Eighth annual StrawFest Day a success, organizers say

Seth Larson of Shorewood and Alex Phillips of Monee roll a large hay bale down Wesley Avenue in Mt. Morris during StrawFest on Saturday, Aug. 26, 2023. The bale rolling was one of the activities. The pair won the event in 10.89 seconds.

MT. MORRIS — The eighth annual U.S. National Straw Sculpting Competition culminated in a day full of activities, music and awards.

StrawFest Day took place on the Mt. Morris campus Aug. 26, featuring a crafters’ market, a blacksmith demo, Rustic Ridge Axe Throwing, round straw bale races in the street, a food truck, and live music by Truman’s Ridge, a bluegrass band. It was the final hurrah of the event showcasing large straw sculptures that ran from Aug. 11-27.

“I think it went very well overall,” organizer Jeff Bold said. “I think the really cool thing about this is, there’s always somebody there. It’s an open-air, outdoor event people can come to any time, and the setting on the campus in the shade is perfect for it.”

The U.S. National Straw Sculpting Competition started in Rochelle in 2016, after artist Fran Volz visited the small village of Höchenschwand, Germany, which hosts an annual straw-sculpting competition that draws thousands of visitors. The event moved to Mt. Morris in 2017, where it is hosted by Encore! Mt. Morris.

“Overall, it was well attended,” Bold said of StrawFest day. “We feel it was a big success. StrawFest Day was a lot of fun, and we’ll continue to grow it year over year.”

“Overall, it was well attended. We feel it was a big success. StrawFest Day was a lot of fun, and we’ll continue to grow it year over year.”

—  StrawFest organizer Jeff Bold

Four straw sculptures were entered in this year’s competition, and were showcased alongside entries from past years. Sculptures must be a minimum of 6.5 feet in height, length or width and at least 90% straw on the surface, according to competition rules.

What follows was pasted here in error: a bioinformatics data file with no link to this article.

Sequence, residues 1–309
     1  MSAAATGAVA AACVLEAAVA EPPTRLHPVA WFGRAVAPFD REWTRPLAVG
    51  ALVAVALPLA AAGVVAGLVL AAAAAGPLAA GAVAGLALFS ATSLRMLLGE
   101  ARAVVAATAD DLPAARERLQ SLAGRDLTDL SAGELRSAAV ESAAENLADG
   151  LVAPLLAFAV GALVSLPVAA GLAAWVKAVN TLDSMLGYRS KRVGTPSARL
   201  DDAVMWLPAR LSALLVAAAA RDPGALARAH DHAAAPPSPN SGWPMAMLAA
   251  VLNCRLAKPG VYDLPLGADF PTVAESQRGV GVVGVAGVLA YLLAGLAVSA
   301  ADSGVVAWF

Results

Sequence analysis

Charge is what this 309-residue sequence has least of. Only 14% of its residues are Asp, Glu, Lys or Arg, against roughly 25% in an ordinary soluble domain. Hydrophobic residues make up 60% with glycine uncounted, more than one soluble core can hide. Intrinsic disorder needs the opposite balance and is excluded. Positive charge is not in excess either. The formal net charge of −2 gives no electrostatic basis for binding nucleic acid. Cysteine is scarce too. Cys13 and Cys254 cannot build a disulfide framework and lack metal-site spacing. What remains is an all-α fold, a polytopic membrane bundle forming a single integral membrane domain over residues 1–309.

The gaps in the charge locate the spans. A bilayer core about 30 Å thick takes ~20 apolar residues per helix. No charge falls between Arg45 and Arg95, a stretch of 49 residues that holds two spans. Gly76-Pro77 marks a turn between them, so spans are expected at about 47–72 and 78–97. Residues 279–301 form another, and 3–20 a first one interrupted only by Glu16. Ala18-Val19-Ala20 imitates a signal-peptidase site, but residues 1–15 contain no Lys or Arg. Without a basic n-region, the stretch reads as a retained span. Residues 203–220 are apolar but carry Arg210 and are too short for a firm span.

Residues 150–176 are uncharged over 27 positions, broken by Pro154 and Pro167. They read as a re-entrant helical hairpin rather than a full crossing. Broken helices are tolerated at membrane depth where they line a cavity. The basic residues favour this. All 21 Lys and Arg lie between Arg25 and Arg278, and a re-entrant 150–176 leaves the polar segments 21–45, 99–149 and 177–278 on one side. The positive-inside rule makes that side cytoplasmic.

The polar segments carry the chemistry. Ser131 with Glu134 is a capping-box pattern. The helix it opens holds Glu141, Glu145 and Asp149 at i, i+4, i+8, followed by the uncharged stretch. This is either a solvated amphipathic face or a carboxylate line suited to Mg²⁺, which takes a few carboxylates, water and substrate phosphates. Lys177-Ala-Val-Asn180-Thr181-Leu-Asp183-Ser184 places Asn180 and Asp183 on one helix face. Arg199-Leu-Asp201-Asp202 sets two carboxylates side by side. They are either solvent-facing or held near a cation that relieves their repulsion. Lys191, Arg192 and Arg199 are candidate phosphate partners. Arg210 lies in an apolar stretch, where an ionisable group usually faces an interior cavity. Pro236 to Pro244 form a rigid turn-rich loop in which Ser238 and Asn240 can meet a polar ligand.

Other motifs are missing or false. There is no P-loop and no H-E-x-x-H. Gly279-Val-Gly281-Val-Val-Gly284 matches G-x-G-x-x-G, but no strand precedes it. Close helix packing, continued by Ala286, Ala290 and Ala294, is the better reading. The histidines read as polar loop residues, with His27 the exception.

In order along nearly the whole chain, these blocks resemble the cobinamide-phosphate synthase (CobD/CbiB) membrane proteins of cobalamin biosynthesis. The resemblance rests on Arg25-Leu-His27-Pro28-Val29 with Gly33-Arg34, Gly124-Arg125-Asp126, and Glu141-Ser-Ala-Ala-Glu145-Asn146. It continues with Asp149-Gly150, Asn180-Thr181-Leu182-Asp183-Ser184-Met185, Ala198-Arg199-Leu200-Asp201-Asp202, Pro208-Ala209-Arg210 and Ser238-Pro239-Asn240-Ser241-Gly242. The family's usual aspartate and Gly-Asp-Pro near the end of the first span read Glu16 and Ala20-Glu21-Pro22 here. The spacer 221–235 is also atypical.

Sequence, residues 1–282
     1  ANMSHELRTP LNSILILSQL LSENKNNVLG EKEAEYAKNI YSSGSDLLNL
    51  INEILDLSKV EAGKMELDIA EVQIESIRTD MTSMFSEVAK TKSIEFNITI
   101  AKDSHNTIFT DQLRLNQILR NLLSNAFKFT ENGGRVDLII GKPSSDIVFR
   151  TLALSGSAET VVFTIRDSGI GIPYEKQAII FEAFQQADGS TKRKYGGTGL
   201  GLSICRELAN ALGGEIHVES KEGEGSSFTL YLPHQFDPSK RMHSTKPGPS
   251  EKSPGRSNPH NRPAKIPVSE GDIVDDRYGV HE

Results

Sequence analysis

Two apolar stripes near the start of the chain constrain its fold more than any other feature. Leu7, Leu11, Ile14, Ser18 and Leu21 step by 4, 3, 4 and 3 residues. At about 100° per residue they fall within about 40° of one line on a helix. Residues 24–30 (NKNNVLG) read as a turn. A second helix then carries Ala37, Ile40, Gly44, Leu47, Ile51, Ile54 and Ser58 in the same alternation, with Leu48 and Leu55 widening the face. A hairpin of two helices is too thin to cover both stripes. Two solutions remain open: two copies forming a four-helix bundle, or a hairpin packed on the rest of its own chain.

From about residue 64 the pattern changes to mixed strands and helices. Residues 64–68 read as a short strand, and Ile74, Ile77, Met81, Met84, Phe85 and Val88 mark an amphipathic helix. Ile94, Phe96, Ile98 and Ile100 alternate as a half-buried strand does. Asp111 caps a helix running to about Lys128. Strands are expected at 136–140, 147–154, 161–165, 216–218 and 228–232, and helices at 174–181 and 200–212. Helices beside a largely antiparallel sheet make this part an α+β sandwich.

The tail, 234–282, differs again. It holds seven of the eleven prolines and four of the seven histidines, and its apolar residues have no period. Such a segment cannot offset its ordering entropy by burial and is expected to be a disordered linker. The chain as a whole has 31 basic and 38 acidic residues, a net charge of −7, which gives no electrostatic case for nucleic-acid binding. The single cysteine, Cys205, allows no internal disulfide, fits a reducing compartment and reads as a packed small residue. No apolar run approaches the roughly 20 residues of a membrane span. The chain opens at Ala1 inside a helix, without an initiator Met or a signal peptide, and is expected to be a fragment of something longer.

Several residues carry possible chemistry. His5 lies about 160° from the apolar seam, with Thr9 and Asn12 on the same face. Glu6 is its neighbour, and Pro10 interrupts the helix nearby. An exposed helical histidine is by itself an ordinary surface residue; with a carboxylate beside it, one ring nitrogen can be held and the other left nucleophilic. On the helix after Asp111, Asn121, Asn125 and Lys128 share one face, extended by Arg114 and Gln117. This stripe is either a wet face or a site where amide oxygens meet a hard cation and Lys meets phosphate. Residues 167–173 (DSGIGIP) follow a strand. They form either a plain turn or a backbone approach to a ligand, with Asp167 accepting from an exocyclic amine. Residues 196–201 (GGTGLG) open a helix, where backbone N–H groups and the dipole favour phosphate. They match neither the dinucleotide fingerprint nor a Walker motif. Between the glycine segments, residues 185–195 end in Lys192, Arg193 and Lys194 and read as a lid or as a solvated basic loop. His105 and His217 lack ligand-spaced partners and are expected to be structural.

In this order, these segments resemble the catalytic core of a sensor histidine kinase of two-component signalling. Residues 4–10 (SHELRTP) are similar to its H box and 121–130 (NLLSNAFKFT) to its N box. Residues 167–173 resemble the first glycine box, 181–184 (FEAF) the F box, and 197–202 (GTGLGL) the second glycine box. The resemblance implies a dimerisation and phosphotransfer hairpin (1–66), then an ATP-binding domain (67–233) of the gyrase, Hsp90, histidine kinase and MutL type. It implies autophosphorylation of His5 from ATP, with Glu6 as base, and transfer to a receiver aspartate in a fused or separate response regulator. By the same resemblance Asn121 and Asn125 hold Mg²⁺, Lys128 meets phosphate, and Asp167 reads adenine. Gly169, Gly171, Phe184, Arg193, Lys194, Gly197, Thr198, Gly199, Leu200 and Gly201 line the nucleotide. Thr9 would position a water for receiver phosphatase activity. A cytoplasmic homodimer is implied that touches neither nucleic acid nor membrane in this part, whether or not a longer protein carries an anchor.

Straw sculptors Chris and Cecilia Mann, of Rockford, said it took them about one month to build their creation, “Three-Toed Straw Sloth.” They used as much recycled materials as they could find, Chris Mann said.

The Manns have participated in the contest since 2018, when they entered “Strawsquash.” Other sculptures they’ve made include a snail and a turtle.

“That seems to be a theme in our work — we do slow-moving animals,” Chris Mann joked.

This year, the straw they got was from someone who does antique threshing, Cecilia Mann said. It made for nicer straw, and improved the look of the sculpture, she said.

“We enjoy doing it,” Chris Mann said. “We think it’s a fun event for families to bring kids out to especially. I really like that they’re able to save the straw sculptures year to year.”

A plaque for volunteer Rose Avey was also dedicated in front of the bandshell during a short evening presentation.

Avey, who passed away earlier this year, was a lifelong Mt. Morris resident, graduate of Mt. Morris High School, and StrawFest and Let Freedom Ring volunteer.

Her plaque reads: “MMMHS Class of 1971, Mighty Mounder, Rose Sheely Avey”.

The ninth annual U.S. National Straw Sculpting Competition is scheduled for Aug. 9-25, 2024. StrawFest Day will be Aug. 24, 2024.


First place for Peoples’ Choice was “Oscar the Grouch,” by father-daughter duo Mark and Danica Rogers, of Rochelle. The “Sesame Street” character also took second place in the Artists’ Choice category.

Husband and wife team Chris and Cecilia Mann, of Rockford, claimed first place in Artists’ Choice and second place in Peoples’ Choice with their “Three-Toed Straw Sloth” sculpture.

“For the Love of Rose” — a giant rose with a spinning bumble bee near the petals — created by Doreen White, of Forreston, won third place in Peoples’ Choice. White made the sculpture in memory of Rose Avey, of Mt. Morris, who died in November 2022.

Steve Lentz, of Montello, Wisconsin, took third place in Artists’ Choice with “Swimming Bliss,” which depicts a mother dolphin and her calf riding a wave.

Alexa Zoellner

Alexa Zoellner

Alexa Zoellner is a dynamic writer with more than eight years of professional experience. She is reliable and hardworking, with an entrepreneurial spirit and passion for developing and reporting engaging content. She has won numerous awards for her work as a journalist, including a first place award for investigative reporting.

Earleen Hinton

Earleen oversees production and content of 8 community weeklies and has worked for Shaw Newspapers since 1985.